The Complacency of Cattle

09 Apr

Two hundred years is a sufficiently long nap. I woke up feeling refreshed and, had I possessed a tail, it would have been bushy and my eyes would have been bright. I prowled about my mausoleum for a good five minutes, re-acclimating myself to the world of consciousness, if not the world of the living. I haven’t been alive in a very long time.

I climbed the dusty stairs slowly and carefully, doing my best to not disturb the dust. I reached the heavy stone door leading to the outside world, and carefully used my right arm to slide it open a crack. Light shone through the crack and I cursed the Lord in Heaven as it struck my flesh with holy fury, causing it to steam and burn. I withdrew immediately to the shadows and donned my daylight form. I spread my leathery black wings and slipped through the crack, blinking in the awful sunlight. it was hot, but I could bear it now. I soared up into the sky, over the cemetery I had slept in for two centuries, ignoring the funerary procession beneath me. A few cows looked up from the line at the large bat flying during the day, but failed to give me much more notice than that.

How things had changed. Gone were the brick pens and cobblestone streets of my last waking. Gone were the horse-drawn carriages and well-dressed cattle, ever watchful in the night for the soaring death. None of the cattle seemed to wear any clothing at all, unafraid to flaunt their succulent flesh to the world, their blood purity clear for all of the hunters to see. The pens of the cattle had become blockier and, dare I say it, even more hideous, even if they were bigger, reaching up into the domain of the great hunters in their hubris. The streets the cattle walked on had become smoother and splashed with bright colors. The horse-drawn carriages had been replaced by carriages that moved on their own. The cattle had gown inventive, it seemed. I soared down into a dark alley not unlike those I had known, and spent the sunlit hours lurking behind a pair of smelly metal cylinders.

When the sky’s shadow fell upon the world, I turned again into my night form. A male cow, though hardly a bull, clearly deep into his drinks, stumbled blindly into my alley, lurching by me. I killed him in a second, a snapped spine being all it took, but disdained his blood, tainted as it was by the drink. I took his costume and donned it myself, covering my naked body, in order that the cattle would not recognize me for what I was. I stepped out into the streets and prowled the city.

My prey revealed itself to me not half an hour later, exiting from a large building  with glowing white boards above it, with what seemed to be novel titles printed on it. Three young female calves walked out of the building’s glass doors, talking excitedly. Their clothing left little to the imagination, and I could see the pure, beautiful blood pumping through their living veins. I stepped into the false light and flashed them a brilliant smile, hiding my fangs. My suave disguise caught their eyes quickly, and their jaws dropped. The foolish calves walked right up to me.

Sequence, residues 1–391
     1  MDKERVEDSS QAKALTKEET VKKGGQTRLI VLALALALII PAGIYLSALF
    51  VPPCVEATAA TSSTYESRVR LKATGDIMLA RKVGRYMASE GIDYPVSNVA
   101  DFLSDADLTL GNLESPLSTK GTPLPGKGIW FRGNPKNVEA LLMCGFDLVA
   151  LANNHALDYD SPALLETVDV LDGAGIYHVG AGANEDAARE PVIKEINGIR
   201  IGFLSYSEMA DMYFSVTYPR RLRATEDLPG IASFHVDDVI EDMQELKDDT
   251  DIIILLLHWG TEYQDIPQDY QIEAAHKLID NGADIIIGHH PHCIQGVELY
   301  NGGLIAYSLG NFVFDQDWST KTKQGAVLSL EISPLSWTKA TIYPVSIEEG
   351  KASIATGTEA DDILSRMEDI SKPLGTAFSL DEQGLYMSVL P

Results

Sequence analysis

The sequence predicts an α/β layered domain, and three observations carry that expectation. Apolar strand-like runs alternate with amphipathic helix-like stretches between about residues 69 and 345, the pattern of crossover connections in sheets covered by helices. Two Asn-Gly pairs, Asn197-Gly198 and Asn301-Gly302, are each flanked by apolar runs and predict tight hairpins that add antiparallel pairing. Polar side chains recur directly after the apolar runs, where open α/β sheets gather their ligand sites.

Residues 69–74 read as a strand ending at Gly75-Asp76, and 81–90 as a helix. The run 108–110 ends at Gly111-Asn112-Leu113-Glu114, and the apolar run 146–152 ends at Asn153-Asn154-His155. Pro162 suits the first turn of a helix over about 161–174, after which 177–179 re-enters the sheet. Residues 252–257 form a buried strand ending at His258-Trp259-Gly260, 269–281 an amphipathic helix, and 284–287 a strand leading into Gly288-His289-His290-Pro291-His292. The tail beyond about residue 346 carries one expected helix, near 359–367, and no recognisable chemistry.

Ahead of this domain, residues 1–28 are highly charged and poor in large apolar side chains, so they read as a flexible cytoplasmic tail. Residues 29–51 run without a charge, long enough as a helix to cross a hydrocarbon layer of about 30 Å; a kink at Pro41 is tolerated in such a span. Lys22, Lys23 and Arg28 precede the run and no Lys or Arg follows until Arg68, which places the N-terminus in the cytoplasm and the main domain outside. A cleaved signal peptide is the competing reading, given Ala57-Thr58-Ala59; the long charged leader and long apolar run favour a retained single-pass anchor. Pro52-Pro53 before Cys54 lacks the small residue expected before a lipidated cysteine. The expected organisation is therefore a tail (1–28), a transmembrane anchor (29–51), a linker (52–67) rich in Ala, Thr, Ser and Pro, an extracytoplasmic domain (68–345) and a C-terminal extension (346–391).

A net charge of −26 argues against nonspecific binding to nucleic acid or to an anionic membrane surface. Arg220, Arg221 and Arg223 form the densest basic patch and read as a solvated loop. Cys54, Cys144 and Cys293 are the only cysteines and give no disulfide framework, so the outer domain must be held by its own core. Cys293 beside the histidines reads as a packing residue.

“Whoa girls! He looks just like Edward!”

“Oh my god, are you a vampire?”

“You’re so pale!”

“Do you sparkle?”

“Where are your fangs?”

“What’s your power?”

“Are you strong?”

For the first time in my life, I was taken aback. How did they recognize me so quickly? Cattle might be weak when divided, but united against a common foe, the stampede could take down even the most fearsome predator. My shock showed on my face, and they reacted instantly.

“Oh! You are!”

“Oh my god!”

“Your secret is safe with us!”

“This is so awesome!”

“Which one of us are you gonna date?”


“No me!”


I quickly adapted to the new situation. I did not appear to be in danger at all. They seemed to worship me, finally, even if their worshipful practices were incorrect. “Well, I am glad to learn I can trust you all,” I said smoothly. I bared my fangs, and they all squealed.

“Oh my god! This is so awesome!”

“Make us into vampires!”

“I love you!”

“Oh my god oh my god oh my god!”

It was a simple matter to entice the calves to follow me into a nearby dark alley.

“What are you going to show us?”

“Will you take us away?”

“Bite me!”

“No, me!”

“Me first!”

The moonlight faded as a cloud passed over it, and the world darkened. I smiled malevolently. “Bit you?”

“Yes! Yes!” they all squealed.

“As you wish,” I said, and took on my hunting form. Only the faintest of shrieks emerged from the mouth of the alley as I feasted.

I was long gone by the time any cattle authorities arrived to investigate their blood-drained carcasses. The cattle had grown complacent, and dare I say, even dumber. The pure energy of untainted blood pulsed through my dead veins, and my strength was boundless as I leapt and flew from rooftop to rooftop. The hunt is good and the night is young. I do not think I shall be sleeping again for a long while.

Copyright 2012 by Z. M. Wilmot

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Posted by on April 9, 2012 in Blog Fiction


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